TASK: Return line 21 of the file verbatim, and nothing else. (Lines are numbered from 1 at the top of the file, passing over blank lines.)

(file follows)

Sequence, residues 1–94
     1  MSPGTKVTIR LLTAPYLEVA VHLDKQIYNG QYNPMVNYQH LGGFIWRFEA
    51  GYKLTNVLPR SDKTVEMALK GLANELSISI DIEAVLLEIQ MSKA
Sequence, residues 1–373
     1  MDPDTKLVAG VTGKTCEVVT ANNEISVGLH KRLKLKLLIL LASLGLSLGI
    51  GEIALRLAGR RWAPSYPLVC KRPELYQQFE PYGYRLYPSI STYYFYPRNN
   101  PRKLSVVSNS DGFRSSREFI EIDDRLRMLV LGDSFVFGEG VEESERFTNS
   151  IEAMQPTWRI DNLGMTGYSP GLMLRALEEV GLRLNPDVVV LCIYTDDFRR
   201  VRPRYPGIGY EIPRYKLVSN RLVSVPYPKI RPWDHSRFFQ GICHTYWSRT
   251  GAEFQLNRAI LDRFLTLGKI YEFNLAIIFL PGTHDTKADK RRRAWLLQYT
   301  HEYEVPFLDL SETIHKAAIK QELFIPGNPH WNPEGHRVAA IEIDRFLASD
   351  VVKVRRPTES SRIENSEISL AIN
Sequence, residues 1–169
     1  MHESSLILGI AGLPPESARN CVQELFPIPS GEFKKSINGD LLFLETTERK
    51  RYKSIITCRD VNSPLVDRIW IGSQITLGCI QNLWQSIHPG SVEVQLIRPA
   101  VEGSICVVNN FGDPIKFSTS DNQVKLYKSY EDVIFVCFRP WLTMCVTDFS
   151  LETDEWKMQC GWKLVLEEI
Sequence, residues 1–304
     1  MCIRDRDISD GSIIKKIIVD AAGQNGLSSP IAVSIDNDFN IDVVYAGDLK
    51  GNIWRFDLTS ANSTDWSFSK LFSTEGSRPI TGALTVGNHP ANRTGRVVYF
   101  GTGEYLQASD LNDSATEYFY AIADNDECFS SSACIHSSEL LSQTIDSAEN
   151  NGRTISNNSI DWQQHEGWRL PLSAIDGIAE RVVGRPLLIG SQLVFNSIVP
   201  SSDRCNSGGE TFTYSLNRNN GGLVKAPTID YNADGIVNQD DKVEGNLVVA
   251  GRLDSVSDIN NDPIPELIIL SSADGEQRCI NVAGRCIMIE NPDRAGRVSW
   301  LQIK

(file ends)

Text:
   101  GTGEYLQASD LNDSATEYFY AIADNDECFS SSACIHSSEL LSQTIDSAEN